Mayor Defends Phone Call to NYPD About Arrested Friend - NBC New York

Mayor Defends Phone Call to NYPD About Arrested Friend



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    Mayor de Blasio on Thursday defended his decision earlier this week to call a police commander and ask about the arrest of a friend and prominent pastor, saying he was simply seeking information.

    NYPD Deputy Chief Kim Royster said earlier in the week that de Blasio called her asking about Bishop Orlando Findlayter, who was taken into custody Monday night after a traffic violation turned up past warrants for blocking traffic during an immigration rally last October.

    That night, Findlayter was released by the local precinct commander with a desk appearance ticket, rather than being held overnight.

    De Blasio, speaking publicly about the matter for the first time Thursday, told reporters that he reached out to Royster after receiving a report from an aide.

    "It was a very unusual dynamic to have a leading member of the clergy in that situation," he said. "I wanted to know what was going on so I made an inquiry."

    Some, including City Comptroller Scott Stringer, have questioned the appropriateness of the mayor intervening in a friend's arrest. Stringer described his actions as "problematic."

    The former NYPD chief of department, Joseph Esposito, defended the mayor on Thursday in an interview with NBC 4 New York.

    "I have no problem with what the mayor did," he said. "It is done every day at all levels of the police department."

    Esposito also said the NYPD did the right thing in letting Findlayter go.

    "This minister should not be in the system," he said. "If we know that he will show up for court, it's done all the time."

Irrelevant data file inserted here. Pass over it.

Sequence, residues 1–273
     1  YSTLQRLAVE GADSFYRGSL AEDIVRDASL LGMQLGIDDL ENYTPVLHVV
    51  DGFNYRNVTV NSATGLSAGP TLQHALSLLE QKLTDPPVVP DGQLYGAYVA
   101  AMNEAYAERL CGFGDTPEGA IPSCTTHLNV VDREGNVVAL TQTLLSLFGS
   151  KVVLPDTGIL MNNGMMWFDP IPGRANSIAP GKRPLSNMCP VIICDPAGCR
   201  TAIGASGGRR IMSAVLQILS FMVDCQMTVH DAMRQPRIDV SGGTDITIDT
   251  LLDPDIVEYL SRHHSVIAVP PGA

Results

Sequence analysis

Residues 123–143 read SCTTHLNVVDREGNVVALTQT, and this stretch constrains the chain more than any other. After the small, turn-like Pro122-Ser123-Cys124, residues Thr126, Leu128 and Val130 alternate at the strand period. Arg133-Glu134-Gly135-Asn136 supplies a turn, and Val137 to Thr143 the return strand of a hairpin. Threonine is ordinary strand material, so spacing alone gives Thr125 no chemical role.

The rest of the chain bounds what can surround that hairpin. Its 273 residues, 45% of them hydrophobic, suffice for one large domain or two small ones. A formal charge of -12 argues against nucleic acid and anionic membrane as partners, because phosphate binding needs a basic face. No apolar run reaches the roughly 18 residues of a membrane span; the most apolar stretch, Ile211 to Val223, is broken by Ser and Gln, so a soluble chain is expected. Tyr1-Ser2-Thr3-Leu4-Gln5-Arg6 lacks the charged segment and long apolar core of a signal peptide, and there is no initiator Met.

Findlayter is a member of the 67th Precinct clergy council, a group of pastors who act as intermediaries between the police and neighborhood residents. He endorsed de Blasio, a Democrat, and helped mobilize voters for his election. 

    Findlayter was pulled over in East Flatbush at about 11:30 p.m. Monday for failing to signal, she said. Officers noticed his insurance had lapsed, and he was arrested and taken into the 67th Precinct stationhouse, where it was discovered he had the open warrants.

    After the mayor's call, Royster said, she called the stationhouse about the arrest and was told by the commanding officer there that he'd already decided to issue Findlayter a desk appearance ticket and release him rather than hold him overnight until he could be seen before a judge to address the open warrants.

    "By the time I even got an answer, the decision had been made," de Blasio said.

    Night court ends at 1 a.m., and people in custody often are held until they're able to appear in court the next day, but commanding officers have discretion over whether they hold someone.

    --Jonathan Dienst contributed to this story

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